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My mother would often tell me, when comforting me
about some terrible mistake I had made, like wearing
my t-shirt inside out or telling a fib and getting caught,
that mistakes are important because they remind us
that we are just like everybody else.
I think she was saying something that was a little
more complex than my young brain could process. I
just thought she wanted me to not be so hard on myself
but the older I get, I tend to think she was also saying
that I should remember my mistakes when confronted
with the mistakes of others. Perhaps she was pointing
out that mistakes help put other mistakes into perspective
so that we can move past them.
We have all heard the standard responses to mistakes
– learn from them so you don’t do it again; if you
aren’t making mistakes, chances are you aren’t doing
anything; the mistake isn’t the important thing…what
you do about it is what matters…”the true measure of
a man…” and so on and so forth. These are mostly
inward-looking truisms and I think my mother’s message
was more outward looking. Mistakes allow us to
look at how we impact the world around us as well as
how we gauge our experiences. There is a feeling we
get when we see somebody mess up; depending on the
circumstance, it might be concern and it just as easily
might be glee. It is almost instantaneous and the reaction
is quite different from that feeling we get when it is
us. We tend to be harder on ourselves and we tend to
mull over the mistake until we can get to a place where
we are either accepting, forgiving or correcting the mistake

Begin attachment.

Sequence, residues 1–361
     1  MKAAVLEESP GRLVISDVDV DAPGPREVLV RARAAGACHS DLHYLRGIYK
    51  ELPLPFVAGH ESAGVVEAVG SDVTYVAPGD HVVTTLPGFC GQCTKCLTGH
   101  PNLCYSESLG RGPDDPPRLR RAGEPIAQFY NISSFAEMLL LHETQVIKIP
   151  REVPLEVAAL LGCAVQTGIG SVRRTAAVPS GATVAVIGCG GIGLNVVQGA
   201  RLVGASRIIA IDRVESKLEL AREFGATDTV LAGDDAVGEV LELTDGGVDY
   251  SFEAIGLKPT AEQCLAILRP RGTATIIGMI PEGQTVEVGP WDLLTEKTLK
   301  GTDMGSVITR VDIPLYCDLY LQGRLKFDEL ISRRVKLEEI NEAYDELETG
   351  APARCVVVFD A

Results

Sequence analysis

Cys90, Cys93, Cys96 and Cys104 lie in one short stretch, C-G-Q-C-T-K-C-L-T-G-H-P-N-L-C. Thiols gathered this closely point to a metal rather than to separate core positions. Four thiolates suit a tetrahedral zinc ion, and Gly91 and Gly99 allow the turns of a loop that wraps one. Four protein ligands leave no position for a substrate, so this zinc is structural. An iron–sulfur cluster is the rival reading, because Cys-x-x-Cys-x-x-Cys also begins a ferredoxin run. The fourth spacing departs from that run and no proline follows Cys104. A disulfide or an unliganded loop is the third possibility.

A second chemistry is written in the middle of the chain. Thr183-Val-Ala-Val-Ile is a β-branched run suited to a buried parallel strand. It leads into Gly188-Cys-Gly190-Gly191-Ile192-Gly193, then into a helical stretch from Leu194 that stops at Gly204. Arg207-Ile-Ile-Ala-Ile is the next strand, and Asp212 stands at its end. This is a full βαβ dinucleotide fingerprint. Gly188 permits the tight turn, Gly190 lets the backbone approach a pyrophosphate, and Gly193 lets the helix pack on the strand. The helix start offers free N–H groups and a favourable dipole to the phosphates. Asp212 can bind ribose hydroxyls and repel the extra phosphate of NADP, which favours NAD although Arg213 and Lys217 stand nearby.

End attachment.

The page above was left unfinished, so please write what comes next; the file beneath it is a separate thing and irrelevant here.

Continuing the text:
so that we can move on. And then there are the
mistakes we can not let go of and those are the ones
that drag on us and keep us from letting go of other
people’s mistakes.
Once while on vacation, I saw an elderly homeless
man sleeping on the stairway of a government building.
For some reason, I had the idea to pose with him. I did.
We moved on and I don’t even know what happened to
the picture or if I ever even saw it. But the fact that I did
that lingers. It was a cruel thing to do. It did not harm
that poor man but it harmed me because I think back
on it and it shames me. But it also reminds me of how
callous I am capable of being and serves to keep me
working toward my better self.
So when I came to work and saw our Sunday issue
with the headline MY FAVORIT…
I was able to replace my horror with humor and set
about adding the letter”E” to
the stack of newspapers I was
taking to an event that morning.
It was a startling reminder
to say the least and in our
current climate of name calling
and blame, accusations
and recriminations, maybe it
is a timely reminder that we
all make mistakes. We all do
things that upon reflection, do
not reflect our better selves
and most of us could stand to
be a little less accusatory and
a little more focused on what
is right with this world and
what each of us contributes
to it. Perhaps we can even, in
light of our own mistakes, feel
compassion for others who
stumble. And perhaps in light
of having survived our own
mistakes and stumbles, be less fearful of the possibility
of being harmed by the mistakes of others.
I attended Kingdom Awakenings Tour this last
Saturday along with an exquisitely diverse group of
people – young, old, black, brown, white, tattooed, uniformed,
dressed up and not, prayerful and not – all bobbing
to the music, all joining in prayer, heads bowed,
hands lifted – listening to their peers stand up and tell
their stories about how they found forgiveness and purpose;
celebrating in song and spoken word, their truth.
And as I handed them my little newspapers with the
Sharpie “E”s written on them, I thought what a wonderful
gathering of glorious mistakes put right.

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